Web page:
References and complex data structures

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# References and complex data structures - PowerPoint PPT Presentation

References and complex data structures. Hash – an associative array. An associative array (or simply – a hash ) is an unordered set of key=>value pairs. Each key is associated with a value. A hash variable name always start with a “ % ”: my %h = ("a"=>5, "bob"=>"zzz", 50=>"Johnny");

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## References and complex data structures

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### References and complex data structures

Hash – an associative array

An associative array (or simply – a hash) is an unordered set of key=>value pairs. Each key is associated with a value. A hash variable name always start with a “%”:

my %h = ("a"=>5, "bob"=>"zzz", 50=>"Johnny");

You can access a value by its key:

print \$h{50}.\$h{a}; Johnny5

\$h{bob} = "aaa"; (modifying an existing value)

\$h{555} = "z"; (adding a new key-value pair)

Iterating over hash elements

To iterate over the keys in %h

foreach \$key (keys(%h))...

For example:

foreach \$key (keys(%h)) {

print "The key is \$key\n";

print "The value is \$h{\$key}\n";

}

The elements are given in an arbitrary order, so if you want a certain order use sort:

foreach \$key (sort(keys(%h)))...

Why do we need complex data structures?

So far, we know two types of data structures:

An Array is an ordered list of scalar values:my @names = ("Shmuel", "Moti", "Rahel");

A Hash is an unordered set of pairs of scalar values:my %phoneBook = ("Shmuel"=>5820, "Moti"=>2745);

However, in many situations we may need to store more complex data records.For example – how to keep the phone number, address and list of grades for each student in a course? We would like a data record that looks like this:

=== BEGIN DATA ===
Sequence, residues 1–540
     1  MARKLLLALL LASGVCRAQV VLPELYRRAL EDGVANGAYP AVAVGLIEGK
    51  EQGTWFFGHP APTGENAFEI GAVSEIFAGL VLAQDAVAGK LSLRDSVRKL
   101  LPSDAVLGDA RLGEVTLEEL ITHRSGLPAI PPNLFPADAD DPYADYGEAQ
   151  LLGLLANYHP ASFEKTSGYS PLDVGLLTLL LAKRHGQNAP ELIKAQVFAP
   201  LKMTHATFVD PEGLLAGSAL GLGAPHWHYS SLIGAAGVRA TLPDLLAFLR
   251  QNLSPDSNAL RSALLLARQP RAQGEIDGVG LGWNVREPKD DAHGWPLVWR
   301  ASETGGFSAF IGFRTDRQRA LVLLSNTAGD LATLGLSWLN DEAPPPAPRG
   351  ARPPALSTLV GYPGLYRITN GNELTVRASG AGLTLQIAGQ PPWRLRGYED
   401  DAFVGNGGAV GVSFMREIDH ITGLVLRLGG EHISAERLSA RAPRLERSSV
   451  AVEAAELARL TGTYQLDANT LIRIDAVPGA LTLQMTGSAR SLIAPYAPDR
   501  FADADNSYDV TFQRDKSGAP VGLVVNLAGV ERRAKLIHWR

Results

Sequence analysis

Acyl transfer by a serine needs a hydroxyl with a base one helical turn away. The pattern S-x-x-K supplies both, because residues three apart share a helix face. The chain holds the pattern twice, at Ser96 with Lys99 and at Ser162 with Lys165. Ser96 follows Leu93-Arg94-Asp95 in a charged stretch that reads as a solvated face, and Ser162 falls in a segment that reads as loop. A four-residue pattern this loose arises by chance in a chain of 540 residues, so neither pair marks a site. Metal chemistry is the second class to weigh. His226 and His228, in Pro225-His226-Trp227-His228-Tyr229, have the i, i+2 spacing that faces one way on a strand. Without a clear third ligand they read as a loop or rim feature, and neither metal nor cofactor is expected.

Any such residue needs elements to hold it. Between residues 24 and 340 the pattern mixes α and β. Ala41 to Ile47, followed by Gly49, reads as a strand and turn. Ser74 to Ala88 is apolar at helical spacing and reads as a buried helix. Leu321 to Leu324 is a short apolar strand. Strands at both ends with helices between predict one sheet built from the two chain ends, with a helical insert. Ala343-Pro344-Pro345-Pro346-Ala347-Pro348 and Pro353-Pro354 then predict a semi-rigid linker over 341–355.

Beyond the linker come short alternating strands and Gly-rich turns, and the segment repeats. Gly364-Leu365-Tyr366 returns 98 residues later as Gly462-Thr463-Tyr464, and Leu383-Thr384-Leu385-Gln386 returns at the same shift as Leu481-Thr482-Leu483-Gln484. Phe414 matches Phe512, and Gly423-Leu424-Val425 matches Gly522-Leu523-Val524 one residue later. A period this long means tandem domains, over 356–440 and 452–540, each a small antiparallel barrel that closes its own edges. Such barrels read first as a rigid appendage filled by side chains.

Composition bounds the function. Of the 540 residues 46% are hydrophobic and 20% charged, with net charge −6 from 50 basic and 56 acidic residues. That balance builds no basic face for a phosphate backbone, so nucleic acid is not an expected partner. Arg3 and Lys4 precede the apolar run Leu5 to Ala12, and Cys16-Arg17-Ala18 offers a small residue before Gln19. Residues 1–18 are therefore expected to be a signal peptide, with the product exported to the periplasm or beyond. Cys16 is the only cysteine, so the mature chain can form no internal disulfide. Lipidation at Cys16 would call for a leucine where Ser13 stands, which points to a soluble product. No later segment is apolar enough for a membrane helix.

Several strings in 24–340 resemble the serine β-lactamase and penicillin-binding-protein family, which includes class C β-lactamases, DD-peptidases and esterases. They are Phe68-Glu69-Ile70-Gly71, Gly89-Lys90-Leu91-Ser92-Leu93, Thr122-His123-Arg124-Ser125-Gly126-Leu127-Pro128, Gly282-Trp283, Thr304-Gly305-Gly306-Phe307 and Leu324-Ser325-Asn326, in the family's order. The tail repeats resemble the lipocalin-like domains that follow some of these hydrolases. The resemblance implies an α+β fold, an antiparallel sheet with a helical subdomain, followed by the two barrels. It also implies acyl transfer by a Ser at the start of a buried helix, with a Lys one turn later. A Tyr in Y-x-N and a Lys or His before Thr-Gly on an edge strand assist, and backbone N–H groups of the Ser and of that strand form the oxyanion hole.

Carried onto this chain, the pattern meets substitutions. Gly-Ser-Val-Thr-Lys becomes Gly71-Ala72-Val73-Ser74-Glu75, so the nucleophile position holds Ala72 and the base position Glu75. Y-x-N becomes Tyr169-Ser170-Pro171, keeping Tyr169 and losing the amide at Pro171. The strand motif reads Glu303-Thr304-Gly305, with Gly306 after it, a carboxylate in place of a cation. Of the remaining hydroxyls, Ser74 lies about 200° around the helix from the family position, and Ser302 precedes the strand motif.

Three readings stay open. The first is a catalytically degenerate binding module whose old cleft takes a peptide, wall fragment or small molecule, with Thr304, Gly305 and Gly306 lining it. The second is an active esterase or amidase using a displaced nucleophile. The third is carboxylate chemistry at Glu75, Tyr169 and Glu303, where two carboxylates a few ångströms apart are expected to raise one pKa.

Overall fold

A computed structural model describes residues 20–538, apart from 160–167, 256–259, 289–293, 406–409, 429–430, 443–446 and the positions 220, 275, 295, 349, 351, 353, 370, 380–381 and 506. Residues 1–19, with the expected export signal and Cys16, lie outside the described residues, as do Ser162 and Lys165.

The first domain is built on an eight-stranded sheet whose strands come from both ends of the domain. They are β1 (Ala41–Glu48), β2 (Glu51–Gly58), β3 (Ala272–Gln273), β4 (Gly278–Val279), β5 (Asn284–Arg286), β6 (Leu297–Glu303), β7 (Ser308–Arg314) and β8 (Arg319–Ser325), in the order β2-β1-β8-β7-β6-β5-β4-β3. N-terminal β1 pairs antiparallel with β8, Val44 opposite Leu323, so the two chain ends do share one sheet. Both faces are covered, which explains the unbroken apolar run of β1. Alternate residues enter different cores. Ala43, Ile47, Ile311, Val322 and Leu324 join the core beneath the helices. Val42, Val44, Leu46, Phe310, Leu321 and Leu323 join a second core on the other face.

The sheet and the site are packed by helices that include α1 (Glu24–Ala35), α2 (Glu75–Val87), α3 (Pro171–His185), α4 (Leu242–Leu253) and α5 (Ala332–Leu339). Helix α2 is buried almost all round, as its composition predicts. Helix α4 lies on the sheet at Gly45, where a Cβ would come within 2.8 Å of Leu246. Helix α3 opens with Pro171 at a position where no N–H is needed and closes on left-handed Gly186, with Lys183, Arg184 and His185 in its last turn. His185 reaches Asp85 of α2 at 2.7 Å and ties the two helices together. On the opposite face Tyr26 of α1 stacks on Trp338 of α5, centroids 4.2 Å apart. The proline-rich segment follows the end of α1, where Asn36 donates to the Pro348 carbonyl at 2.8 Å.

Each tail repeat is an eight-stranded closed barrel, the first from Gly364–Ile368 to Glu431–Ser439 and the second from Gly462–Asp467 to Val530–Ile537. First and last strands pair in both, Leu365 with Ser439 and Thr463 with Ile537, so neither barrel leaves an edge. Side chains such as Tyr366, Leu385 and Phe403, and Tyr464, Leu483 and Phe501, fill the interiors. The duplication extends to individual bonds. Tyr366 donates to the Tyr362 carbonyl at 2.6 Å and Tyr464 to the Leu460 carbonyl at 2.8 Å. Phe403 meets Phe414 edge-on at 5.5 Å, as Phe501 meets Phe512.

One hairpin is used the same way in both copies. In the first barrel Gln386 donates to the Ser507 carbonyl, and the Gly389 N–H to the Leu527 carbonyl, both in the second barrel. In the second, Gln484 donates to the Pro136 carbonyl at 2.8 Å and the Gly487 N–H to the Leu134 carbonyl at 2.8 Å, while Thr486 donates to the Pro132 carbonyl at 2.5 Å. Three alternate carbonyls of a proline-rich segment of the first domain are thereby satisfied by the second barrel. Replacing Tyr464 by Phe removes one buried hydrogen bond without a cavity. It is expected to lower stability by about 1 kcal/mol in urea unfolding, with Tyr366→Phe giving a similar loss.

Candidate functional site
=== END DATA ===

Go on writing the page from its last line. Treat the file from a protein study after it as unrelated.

"Shmuel" => (5820, "34 HaShalom St.", (85,91,67))

For this to work we’re going to need references…

\$hash{key}

\$number-3.54

%hash

@array

=>

\$string"hi\n"

=>

\$array[0]

=>

\$reference0x225d14

%hash

=>

@array1

=>

@array2

=>

@array3

Variable types in PERL

Scalar

Array

Hash

=>

=>

=>

%phoneBook

\$phoneBookRef

\$nameRef

\$name

References

A reference to a variable is a scalar value that “points” to the variable:

\$nameRef = \\$name;

\$phoneBookRef = \%phoneBook;

\$arrayRef

References

A reference to a variable is a scalar value that “points” to the variable:

\$nameRef = \\$name;

\$phoneBookRef = \%phoneBook;

We can make an anonymous reference without creating a variable with a name:

[ITEMS] creates a new, anonymous array and returns a reference to it;

{ITEMS} creates a hash:

\$arrayRef = [85,91,67];

\$hashRef = {85=>4,91=>3};

(These are variables with no variable name)

De-referencing

\$nameRef = \\$name;

\$phoneBookRef = \%phoneBook;

To access the data from a reference we need to dereference it:

print \$\$nameRef; Yossi

print "@grades"; 85 91 67 100

\$phoneNumber = \$\$phoneBookRef{"Yossi"};

De-referencing

\$phoneBookRef = \%phoneBook;

\$phoneNumber = \$\$phoneBookRef{"Yossi"};

The following notation is equivalent, and sometimes it is more readable:

\$phoneNumber = \$phoneBookRef->{"Yossi"};

%students

=>

=>

=>

References allow complex structures

Because a reference is a scalar value, we can store a reference to an array\hash in as an element in another array\hash:

Now the key “Yossi” is paired to a reference value:

print \$students{Yossi}; ARRAY(0x22e714)print "@{\$students{Yossi}}"; 85 91 67print \${\$students{Yossi}}[1]; 91print \$students{Yossi}->[1]; 91

This form is more readable, we strongly recommend it…

%students

=>

=>

=>

=>

=>

=>

=>

=>

=>

=>

=>

=>

References allow complex structures

Now we can do it: “how to keep the phone number, address and list of grades for each student in a course?”

%students

=>

=>

=>

=>

=>

=>

=>

=>

=>

=>

=>

=>

References allow complex structures

Now we can do it: “how to keep the phone number, address and list of grades for each student in a course?”

It is more convenient to use a shorthand notation:print \$students{Yossi}{grades}[2]

But remember that there are references in there!

%students

=>

=>

=>

=>

=>

=>

=>

=>

=>

=>

=>

=>

References allow complex structures

The following code is an example of iterating over two levels of the structure –The top hash (each student) and the internal arrays (lists of grades):

3

6

7

5

8

4

9

2

1

Two dimensional arrays

Now we can also create a 2-dimensional array (a table or a matrix):

@table = ([1,2,3],[4,5,6],[7,8,9]);

print \$table[1]->[0]; 4

Or:

print \$table[1][0]; 4

@table